SP Senators vote against European emergency fund

12 October 2011

SP Senators vote against European emergency fund

The SP group in the Senate has voted against the further raising of the European emergency fund by the sum of €42 billion. With the money the government hopes to be able to combat the financial and economic crisis in the European Union, but according to SP Senator Geert Reuten ministers are unable to say when and for what purpose moneys from the funds can be drawn. ‘You don’t agree a mortgage contract without clear conditions,’ Senator Reuten points out. ‘And you do that in order to avoid trouble.’

Geert ReutenA majority in the Senate approved the multi-billion injection, with only the SP, Christian Union, the Animals’ Party and the right-wing populist PVV voting against. Senator Reuten was critical of what he described as ‘overhasty decision-making’. The necessary new law was presented to the Senate last Thursday and only a few hours before the debate Finance Minister Jan Kees de Jager asked for urgent treatment of the colossal guarantee, which according to Reuten is “the biggest supplementary budget ever.”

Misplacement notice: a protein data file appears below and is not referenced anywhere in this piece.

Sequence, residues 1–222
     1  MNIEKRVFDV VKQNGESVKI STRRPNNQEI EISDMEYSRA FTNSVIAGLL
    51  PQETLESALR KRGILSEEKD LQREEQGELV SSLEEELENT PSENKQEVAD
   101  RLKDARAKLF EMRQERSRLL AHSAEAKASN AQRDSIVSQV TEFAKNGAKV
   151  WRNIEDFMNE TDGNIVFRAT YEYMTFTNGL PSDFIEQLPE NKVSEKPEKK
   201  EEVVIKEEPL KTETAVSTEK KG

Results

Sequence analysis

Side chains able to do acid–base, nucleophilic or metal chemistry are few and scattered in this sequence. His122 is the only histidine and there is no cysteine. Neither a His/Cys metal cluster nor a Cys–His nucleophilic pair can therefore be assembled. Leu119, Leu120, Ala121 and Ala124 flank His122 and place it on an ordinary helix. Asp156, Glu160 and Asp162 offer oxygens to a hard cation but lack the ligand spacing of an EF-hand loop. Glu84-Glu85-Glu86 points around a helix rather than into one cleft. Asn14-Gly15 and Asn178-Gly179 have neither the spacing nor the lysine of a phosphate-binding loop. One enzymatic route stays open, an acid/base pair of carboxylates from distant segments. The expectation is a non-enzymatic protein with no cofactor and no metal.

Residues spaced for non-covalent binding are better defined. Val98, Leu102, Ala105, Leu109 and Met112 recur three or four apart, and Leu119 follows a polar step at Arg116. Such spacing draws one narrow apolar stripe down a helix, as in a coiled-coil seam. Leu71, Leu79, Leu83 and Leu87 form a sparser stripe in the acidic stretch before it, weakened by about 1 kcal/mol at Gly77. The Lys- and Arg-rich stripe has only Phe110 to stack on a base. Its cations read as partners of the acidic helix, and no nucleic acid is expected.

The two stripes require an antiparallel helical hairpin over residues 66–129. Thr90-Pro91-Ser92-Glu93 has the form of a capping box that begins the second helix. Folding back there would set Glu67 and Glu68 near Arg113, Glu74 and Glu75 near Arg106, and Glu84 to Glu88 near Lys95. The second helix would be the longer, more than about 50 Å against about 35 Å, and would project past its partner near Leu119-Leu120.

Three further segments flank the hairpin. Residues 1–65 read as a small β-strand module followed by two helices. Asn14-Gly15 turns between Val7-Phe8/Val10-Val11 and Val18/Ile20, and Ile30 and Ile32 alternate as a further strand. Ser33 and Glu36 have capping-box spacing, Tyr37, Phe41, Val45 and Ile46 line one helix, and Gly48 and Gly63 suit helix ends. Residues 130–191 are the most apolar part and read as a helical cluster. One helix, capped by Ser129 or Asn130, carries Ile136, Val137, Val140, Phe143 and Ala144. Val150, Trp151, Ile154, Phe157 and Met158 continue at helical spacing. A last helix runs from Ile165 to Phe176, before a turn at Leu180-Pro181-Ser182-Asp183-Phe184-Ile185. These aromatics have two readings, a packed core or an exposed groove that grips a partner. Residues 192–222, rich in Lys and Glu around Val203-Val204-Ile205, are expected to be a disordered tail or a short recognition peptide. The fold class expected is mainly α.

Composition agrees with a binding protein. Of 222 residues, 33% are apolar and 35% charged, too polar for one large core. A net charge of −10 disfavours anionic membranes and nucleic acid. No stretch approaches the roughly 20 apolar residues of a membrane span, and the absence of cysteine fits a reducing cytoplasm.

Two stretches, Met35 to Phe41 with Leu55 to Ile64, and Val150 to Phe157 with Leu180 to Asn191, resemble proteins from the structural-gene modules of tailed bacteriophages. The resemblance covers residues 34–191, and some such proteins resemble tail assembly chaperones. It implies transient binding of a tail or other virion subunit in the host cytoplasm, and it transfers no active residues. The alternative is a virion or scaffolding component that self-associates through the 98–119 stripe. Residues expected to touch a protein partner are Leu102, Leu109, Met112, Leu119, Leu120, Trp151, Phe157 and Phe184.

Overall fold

De Jager is not prepared to offer any information regarding the possible scenarios for tackling the crisis which he and his European colleagues are developing. Whatever else, he absolutely refuses to consider whether it may at some point become necessary to bring the entire banking sector under the supervision of the state, or to give any opinion in response to the SP’s argument that ordinary banking activities should be divorced from speculative banking. Nor does he exclude the possibility that the emergency fund will need to be increased still further and that there could be a need for yet more Dutch billions. The fund will be used, amongst other things, to support banks which fall into difficulties, yet the minister will say nothing about which banks in which countries this may involve. As for the conditions under which the money from the funds may be deployed, these remain to be negotiated between the member states’ governments, with the Dutch and other national parliaments being entirely out of the game. “With nothing but your blue eyes to inspire trust,” Reuten told the minister, “this is going too far for me. We can’t do our work as representatives of the people properly if we have too little information and too little time. That’s why we are saying no.”

You are here